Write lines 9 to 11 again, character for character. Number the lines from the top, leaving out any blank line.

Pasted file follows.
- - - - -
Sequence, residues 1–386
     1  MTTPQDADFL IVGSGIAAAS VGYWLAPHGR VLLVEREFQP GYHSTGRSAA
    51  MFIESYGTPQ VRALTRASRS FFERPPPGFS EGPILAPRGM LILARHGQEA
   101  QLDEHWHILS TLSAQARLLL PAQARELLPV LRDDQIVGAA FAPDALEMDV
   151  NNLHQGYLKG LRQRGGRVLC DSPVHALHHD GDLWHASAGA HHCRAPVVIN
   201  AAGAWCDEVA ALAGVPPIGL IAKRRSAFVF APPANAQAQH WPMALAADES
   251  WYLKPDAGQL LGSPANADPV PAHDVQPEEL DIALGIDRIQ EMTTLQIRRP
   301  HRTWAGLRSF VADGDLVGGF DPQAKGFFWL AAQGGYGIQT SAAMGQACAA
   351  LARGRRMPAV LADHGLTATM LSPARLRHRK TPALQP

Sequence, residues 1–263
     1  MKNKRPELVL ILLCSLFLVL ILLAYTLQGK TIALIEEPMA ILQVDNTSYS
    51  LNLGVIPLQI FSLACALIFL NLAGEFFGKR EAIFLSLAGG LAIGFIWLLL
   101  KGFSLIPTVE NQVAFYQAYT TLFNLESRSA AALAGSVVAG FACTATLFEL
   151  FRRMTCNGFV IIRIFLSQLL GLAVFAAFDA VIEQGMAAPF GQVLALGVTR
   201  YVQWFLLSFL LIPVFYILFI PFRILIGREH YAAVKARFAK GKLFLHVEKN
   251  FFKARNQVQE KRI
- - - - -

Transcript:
   351  LARGRRMPAV LADHGLTATM LSPARLRHRK TPALQP

Sequence, residues 1–263
     1  MKNKRPELVL ILLCSLFLVL ILLAYTLQGK TIALIEEPMA ILQVDNTSYS